Have you ever dealt with someone who seems to run away from conflict? Working through a conflict when someone is confrontation-avoidant can be challenging. Add to that that the person who avoids conflict is your boss. Now it is doubly challenging! On its face, this case study is about dealing with a boss who continually redoes your work. But on a deeper level, it is also about how to overcome conflict avoidance. We’ll share several thoughts that should prove helpful if you ever find yourself in a similar predicament.
Dana has been a successful regional sales manager for her company. Four months ago, she was assigned to work for Janet, a business development senior vice president. Together, they are responsible for developing new business proposals for potential clients.
With Janet’s approval, Dana takes the lead in organizing information and writing drafts of the proposals. Janet has seemed happy with Dana’s work, giving positive feedback. But Dana has noticed a trend in working with Janet. Each time a proposal has neared completion, Janet has taken over Dana’s work and prepared the final version herself, often with considerable rewriting and reorganizing.
Janet has stayed after hours to make these changes or waited until Dana was away from the office. Yet, she has dismissed the idea that she’s dissatisfied with Dana’s work, frequently saying things like, “Oh, it’s fine. I just gave it a few last-minute touch-ups,” or “I could see you were busy, so I thought I would take it off your plate.” Except that Janet has done more than merely give proposals a final polish. Dana believes that Janet is sugarcoating the truth.
Dana feels that Janet is not being candid and wants to discuss how to change this pattern of behavior. How can Dana use Q4 skills in a meeting to overcome her boss’s Q3 tendency to gloss over what appears to be an unstated dissatisfaction with Dana’s performance?
How to Stop Avoiding Conflict
In essence, then, there are two problems for Dana to solve:
- How to get Janet to quit redoing Dana’s work.
- How to have a productive discussion about this issue and not have her boss gloss over the issue.
The second problem is the bigger one. If Dana can have a productive discussion with her boss, she can also get to the bottom of the first issue. The question of how to overcome conflict avoidance is the key.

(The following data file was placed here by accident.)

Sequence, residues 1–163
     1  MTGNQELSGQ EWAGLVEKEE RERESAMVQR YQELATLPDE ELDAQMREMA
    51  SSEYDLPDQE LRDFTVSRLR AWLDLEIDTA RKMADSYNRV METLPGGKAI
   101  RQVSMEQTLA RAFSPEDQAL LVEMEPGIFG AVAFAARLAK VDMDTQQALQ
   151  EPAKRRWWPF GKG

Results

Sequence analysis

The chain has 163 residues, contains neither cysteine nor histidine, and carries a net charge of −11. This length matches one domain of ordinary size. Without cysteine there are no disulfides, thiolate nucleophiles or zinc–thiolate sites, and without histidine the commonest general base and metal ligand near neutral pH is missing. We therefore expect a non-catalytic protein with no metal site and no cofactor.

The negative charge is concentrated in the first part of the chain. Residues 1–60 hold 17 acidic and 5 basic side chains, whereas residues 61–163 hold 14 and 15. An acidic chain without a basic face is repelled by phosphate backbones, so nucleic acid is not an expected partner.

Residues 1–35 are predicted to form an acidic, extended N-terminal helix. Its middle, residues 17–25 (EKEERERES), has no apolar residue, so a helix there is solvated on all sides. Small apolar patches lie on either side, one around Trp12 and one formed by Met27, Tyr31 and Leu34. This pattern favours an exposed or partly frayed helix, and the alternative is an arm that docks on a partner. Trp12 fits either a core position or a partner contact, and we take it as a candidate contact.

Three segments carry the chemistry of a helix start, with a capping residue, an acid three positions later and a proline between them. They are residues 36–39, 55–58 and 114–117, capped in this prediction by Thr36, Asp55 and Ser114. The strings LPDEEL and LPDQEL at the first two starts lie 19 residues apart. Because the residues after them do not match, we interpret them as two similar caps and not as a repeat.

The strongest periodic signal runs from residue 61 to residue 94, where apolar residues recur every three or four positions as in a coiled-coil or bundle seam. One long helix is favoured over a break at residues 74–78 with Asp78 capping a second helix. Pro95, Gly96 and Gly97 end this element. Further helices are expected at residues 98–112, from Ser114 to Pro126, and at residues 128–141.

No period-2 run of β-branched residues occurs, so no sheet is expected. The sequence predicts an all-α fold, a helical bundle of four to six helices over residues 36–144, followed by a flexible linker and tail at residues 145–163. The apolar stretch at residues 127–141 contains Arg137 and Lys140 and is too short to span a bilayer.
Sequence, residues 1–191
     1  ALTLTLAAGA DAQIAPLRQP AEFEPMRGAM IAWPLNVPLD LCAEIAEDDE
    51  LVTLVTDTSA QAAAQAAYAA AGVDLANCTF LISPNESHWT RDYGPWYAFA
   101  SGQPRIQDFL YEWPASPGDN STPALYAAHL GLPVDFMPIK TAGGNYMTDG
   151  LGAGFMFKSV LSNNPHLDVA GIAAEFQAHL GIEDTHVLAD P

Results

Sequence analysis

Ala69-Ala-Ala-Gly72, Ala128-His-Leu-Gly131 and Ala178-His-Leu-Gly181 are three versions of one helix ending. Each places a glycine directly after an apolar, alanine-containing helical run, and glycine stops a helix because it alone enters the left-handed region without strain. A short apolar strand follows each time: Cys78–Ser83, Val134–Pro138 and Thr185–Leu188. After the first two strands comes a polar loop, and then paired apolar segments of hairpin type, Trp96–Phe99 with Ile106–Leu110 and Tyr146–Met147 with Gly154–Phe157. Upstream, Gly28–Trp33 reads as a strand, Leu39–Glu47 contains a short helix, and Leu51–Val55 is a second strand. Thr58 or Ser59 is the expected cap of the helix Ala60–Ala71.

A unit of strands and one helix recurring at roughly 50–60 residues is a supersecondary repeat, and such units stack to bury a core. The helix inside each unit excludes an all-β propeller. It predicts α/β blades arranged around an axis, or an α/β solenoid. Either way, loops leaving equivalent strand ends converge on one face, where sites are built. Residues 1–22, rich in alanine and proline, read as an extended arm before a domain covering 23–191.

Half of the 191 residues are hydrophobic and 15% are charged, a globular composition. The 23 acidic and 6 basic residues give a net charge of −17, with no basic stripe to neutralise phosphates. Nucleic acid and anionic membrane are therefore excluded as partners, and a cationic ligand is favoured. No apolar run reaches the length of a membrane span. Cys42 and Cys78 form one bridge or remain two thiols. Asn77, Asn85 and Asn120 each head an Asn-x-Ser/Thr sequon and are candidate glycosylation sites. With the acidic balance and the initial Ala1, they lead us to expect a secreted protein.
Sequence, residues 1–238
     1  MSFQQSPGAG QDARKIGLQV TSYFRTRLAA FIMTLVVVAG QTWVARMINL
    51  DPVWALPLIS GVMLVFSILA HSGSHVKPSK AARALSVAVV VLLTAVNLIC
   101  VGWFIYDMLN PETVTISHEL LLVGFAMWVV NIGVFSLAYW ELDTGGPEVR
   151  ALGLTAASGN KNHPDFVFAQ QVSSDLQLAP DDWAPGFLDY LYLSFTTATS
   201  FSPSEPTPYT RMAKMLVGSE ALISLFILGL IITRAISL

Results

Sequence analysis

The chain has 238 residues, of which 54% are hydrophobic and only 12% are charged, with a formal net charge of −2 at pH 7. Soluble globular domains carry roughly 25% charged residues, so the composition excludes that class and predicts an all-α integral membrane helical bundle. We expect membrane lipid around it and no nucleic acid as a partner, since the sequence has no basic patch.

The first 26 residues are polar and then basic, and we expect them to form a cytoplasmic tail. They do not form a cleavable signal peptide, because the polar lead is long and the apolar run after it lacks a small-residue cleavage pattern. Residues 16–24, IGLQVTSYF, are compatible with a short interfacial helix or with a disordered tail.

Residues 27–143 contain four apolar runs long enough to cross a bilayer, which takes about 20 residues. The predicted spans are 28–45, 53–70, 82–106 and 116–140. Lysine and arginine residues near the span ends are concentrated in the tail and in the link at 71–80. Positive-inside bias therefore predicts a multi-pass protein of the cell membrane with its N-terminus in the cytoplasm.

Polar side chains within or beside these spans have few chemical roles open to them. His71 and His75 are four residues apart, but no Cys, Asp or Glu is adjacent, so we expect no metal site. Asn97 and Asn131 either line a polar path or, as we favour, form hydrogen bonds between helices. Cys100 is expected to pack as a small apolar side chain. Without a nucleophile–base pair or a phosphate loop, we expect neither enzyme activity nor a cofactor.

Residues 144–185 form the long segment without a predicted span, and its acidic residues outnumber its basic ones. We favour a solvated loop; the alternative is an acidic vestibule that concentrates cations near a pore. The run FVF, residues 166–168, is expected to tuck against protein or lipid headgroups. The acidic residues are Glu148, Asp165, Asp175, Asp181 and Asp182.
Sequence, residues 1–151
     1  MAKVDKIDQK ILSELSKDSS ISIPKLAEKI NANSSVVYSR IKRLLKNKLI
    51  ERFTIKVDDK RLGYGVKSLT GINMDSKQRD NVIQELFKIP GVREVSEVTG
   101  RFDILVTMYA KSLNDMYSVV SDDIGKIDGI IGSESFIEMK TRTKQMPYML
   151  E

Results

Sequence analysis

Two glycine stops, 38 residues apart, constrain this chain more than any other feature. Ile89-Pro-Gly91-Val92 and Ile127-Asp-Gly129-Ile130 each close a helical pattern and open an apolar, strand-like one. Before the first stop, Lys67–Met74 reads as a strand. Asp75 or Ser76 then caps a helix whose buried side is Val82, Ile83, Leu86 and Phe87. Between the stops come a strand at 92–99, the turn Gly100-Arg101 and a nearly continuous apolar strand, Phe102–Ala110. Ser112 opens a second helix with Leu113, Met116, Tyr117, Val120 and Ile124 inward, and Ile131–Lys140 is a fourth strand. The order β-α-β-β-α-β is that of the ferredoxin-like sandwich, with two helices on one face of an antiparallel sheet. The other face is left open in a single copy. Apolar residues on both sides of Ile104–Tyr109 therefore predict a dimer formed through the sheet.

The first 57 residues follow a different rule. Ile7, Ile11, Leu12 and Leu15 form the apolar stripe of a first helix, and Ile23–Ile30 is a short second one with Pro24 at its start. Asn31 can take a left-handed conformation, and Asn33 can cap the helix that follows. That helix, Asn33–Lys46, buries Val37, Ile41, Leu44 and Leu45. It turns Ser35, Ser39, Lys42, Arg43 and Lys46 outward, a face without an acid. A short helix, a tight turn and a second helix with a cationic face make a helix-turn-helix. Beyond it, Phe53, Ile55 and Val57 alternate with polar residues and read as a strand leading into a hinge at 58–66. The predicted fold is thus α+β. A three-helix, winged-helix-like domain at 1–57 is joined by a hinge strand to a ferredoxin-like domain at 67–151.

Dealing with a Conflict-Averse Boss
Dana has to strategize with two facts in mind:
1) Janet has a Q3 reluctance to discuss dissatisfaction with Dana’s work,
2) Janet is Dana’s boss. Dana owns the problem. So, she must plan the goal of the meeting carefully and develop benefits for Janet that will gain her participation in solving the problem.
Don’t Dwell on the Past
It would be unproductive for Dana to try to show that Janet’s past behavior has been unfair or demoralizing. Janet may simply shrug off these ideas in a Q3 manner. Or, if Dana is insistent (a common misstep), Janet may feel cornered and react with Q1 hostility. In fact, Janet’s Q3 behavior may be masking a Q1 dismissive viewpoint that prompts her to take over because she feels her own proposal writing is superior to Dana’s.
Look Forward–What does the Boss Want?
Dana should look to the future by stating what she wishes to accomplish — to learn what Janet wants in a proposal. That way, the two will work together more efficiently. She might say, “Janet, I would like to look at how we approach these proposals so that I’m more on target when preparing the next one.”
Show Your Boss What’s In It For Her
Dana can offer this benefit to Janet: “If I can better understand what you feel makes a proposal the best it can be, I can get closer to meeting that standard. This will be more productive, saving you from spending so much time revising my work.”
This approach can ward off a Q3 casual dismissal of Dana’s concern. She can state a secondary benefit if Janet has Q1 ego needs: “It will help my professional growth to learn your process and how you think when putting these proposals together.”
What Causes Conflict Avoidance
You may be wondering, “Why is the boss conflict avoidant?” Does she fear conflict?
As you may recall from psychology class, Maslow posits a hierarchy of needs and that people seek first to fill the lowest level of unfulfilled needs.
When someone smooths over conflict and shoves disagreements under the rug, it often indicates that the person has strong social needs. They don’t want to discuss conflict, as disagreement is uncomfortable, and people may not like it. They would rather focus on happy things, make friends, and have a good time.
This does not mean you cannot productively discuss conflicting views with them. But you should expect resistance and smoothing things over. You need to probe agreement to make sure it is genuine and not lip service to avoid conflict.
You should also look for ways that getting what you want will meet their social needs and benefit them. For instance, pointing out above that Janet would have to spend less time revising Dana’s work implies that Janet will have more time to spend on more pleasant activities, meeting Q3 sociability needs.
Dealing with Confrontation Avoiders – In Conclusion
How to overcome conflict avoidance? By framing the meeting constructively, Dana will have a better chance of getting the topic out on the table and gaining Janet’s receptivity to talk about it. This, in itself, will go a long way toward solving the problem.
Your Next Steps
Now that you have learned how to overcome conflict avoidance, here are three next steps for your continued leadership development.
If you want more leadership tips, visit our leadership learning page. You’ll find many tips on handling common leadership challenges, case studies, and more.
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Best of luck on your leadership development journey!